William Hague: Burma to free more 'political prisoners'
Burma has vowed to free more political prisoners, William Hague said after meeting his counterpart during the first visit to Burma by a UK foreign secretary for 55 years.
Wunna Maung Lwi also promised that changes in Burma were "irreversible".
But he later did not use the word political when referring to prisoners.
Mr Hague's visit is the latest by top world diplomats after Burma's first elections in 20 years which brought in a nominally civilian government.
Since then the new administration has freed pro-democracy leader Aung San Suu Kyi and begun a process of dialogue.
Last month she formally registered her National League for Democracy as a political party, after boycotting the 2010 polls because of electoral laws that prevented her taking part.
In December US Secretary of State Hillary Clinton visited Burma, in what was seen as an endorsement of the reform process - although Western observers say much more is needed.
Stress on development
Mr Hague is the first British foreign secretary to visit Burma since 1955.
In the capital Nay Pyi Taw he was due to hold talks with President Thein Sein, a former top general who stepped down to contest the polls as a civilian, and a host of other top officials.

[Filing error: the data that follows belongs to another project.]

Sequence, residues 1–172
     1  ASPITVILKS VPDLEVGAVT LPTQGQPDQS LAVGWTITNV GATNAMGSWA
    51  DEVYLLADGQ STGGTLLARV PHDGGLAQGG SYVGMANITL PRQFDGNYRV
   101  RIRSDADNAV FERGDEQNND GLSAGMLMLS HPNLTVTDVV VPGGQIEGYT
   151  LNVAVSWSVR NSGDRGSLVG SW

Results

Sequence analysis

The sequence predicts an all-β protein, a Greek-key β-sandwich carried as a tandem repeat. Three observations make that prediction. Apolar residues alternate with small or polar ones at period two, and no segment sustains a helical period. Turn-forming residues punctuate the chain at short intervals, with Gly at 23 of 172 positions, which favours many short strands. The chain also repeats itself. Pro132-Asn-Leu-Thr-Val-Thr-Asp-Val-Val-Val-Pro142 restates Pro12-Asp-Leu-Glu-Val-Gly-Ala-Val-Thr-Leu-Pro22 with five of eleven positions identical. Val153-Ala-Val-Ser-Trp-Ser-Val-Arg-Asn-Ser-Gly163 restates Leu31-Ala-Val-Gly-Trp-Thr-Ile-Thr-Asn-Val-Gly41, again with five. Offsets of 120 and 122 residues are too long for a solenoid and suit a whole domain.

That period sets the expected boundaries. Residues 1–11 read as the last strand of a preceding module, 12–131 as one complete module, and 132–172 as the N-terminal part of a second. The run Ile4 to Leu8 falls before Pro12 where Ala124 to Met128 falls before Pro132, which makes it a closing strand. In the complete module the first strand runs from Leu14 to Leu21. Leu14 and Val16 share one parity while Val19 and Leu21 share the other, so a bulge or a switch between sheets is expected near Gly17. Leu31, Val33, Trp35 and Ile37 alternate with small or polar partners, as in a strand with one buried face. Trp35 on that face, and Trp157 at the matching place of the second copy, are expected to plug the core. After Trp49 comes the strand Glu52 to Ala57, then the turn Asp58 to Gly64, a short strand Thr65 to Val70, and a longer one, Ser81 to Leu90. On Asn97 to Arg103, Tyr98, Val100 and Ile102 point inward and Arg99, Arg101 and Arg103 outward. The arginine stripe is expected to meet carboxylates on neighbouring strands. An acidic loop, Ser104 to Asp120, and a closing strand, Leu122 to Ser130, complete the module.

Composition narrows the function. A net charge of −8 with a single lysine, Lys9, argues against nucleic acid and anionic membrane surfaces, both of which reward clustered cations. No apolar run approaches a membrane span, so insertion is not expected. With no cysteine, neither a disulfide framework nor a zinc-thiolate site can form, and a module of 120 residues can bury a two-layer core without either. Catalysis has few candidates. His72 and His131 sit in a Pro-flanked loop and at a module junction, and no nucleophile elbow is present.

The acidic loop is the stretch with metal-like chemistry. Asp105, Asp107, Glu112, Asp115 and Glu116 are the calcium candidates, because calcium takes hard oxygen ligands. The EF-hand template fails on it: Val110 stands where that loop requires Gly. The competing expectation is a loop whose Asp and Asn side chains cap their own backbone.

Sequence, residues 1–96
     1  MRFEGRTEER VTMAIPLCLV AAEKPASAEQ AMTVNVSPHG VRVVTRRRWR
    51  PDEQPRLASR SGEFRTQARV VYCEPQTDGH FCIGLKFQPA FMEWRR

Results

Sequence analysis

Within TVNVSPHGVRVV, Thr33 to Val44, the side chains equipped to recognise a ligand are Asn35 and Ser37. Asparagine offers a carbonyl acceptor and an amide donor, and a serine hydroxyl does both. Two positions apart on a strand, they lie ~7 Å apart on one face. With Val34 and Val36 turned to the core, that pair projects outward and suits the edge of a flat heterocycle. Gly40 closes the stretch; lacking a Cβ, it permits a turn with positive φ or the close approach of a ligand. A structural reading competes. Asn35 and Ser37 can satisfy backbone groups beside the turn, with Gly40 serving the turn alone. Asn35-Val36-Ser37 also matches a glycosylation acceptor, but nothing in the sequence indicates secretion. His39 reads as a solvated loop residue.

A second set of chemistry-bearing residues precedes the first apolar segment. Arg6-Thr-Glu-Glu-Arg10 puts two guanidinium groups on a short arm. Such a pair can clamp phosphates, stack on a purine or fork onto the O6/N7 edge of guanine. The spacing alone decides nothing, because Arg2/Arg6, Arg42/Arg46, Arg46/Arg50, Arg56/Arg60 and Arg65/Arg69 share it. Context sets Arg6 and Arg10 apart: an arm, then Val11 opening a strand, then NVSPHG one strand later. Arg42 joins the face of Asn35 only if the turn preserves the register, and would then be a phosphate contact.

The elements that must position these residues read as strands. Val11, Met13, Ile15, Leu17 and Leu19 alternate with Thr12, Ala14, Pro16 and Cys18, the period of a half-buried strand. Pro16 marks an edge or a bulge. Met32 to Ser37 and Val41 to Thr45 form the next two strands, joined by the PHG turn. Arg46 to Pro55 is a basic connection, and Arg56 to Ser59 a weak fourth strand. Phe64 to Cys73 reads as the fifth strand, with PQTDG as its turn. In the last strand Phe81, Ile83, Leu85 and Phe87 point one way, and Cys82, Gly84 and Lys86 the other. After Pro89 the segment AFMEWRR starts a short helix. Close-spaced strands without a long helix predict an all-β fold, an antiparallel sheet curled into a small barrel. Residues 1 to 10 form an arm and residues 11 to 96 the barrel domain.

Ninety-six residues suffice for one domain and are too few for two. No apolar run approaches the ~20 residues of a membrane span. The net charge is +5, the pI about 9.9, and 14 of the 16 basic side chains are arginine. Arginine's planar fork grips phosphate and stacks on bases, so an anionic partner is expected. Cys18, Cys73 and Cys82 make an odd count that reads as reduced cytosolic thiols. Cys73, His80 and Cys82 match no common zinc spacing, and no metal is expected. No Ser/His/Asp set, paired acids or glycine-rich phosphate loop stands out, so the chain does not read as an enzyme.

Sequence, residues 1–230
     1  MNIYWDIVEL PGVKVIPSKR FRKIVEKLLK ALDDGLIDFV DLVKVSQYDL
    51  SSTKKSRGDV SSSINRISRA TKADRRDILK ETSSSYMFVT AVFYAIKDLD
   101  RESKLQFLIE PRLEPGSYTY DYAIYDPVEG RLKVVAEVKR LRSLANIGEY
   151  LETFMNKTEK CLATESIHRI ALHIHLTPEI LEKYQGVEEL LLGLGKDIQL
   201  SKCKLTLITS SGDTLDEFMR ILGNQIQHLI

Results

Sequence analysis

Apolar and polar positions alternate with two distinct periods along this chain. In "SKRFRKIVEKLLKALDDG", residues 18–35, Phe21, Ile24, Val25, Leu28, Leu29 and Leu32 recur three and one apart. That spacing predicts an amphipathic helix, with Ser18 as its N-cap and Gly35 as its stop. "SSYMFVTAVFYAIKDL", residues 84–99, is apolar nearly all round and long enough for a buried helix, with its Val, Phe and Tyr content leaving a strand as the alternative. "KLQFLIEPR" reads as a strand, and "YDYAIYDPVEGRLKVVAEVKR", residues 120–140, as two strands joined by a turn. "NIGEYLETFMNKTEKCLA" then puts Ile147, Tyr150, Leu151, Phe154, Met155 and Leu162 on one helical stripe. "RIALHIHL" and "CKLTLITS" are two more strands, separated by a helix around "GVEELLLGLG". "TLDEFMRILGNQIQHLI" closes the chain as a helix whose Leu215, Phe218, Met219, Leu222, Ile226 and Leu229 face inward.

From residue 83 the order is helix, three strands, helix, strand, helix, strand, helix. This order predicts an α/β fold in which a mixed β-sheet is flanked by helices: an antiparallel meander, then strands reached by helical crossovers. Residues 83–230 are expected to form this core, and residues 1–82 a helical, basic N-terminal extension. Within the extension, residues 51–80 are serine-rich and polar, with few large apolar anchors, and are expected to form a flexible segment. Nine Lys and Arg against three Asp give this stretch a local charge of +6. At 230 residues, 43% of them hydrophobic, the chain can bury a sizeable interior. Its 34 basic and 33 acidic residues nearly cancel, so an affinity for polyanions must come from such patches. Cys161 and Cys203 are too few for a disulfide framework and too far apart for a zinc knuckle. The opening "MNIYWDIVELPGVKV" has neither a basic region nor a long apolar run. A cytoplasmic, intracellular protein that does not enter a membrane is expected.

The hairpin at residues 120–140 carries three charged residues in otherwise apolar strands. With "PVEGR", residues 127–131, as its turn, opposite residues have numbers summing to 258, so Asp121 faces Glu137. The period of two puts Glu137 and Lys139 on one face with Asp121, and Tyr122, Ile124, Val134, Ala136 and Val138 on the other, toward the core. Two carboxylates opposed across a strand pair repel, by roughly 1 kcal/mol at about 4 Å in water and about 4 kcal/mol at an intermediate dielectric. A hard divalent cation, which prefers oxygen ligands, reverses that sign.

He will then travel to Rangoon, Burma's commercial capital, to meet Aung San Suu Kyi, representatives of some of Burma's ethnic minority groups and dissidents.
Ms Suu Kyi's party plans to contest by-elections in April that could see her elected to parliament. Her party secured a landslide victory in polls in 1990 but was never allowed to take power.
William Hague made the comments after meeting his counterpart in Nay Pyi Taw.
"The foreign minister has reaffirmed commitments that have been made to release political prisoners," he told reporters.
"He said the changes are irreversible and I welcome that way of thinking," Mr Hague added.
"I stressed that the world will judge the government by its actions."
But in an interview with the BBC Burmese service later, Wunna Maung Lwi said Burma did not acknowledge there were political prisoners.
They are all criminals, he said, and it was up to the president to decide when prisoners were released - adding that prisoners had already been freed on three recent occasions.
The government, he said, was focused on the development of the whole country.
Between 600 and 1,000 journalists, dissidents and monks who led anti-government protests in 2007 are thought to remain behind bars in Burma.
There is now a general acceptance that change is under way in Burma, says the BBC's Rachel Harvey in Rangoon, but it is not clear how far or how fast any transition will be.
And the different account of the talks by the two senior diplomats may merely be explained by the different audiences they were addressing, says our correspondent.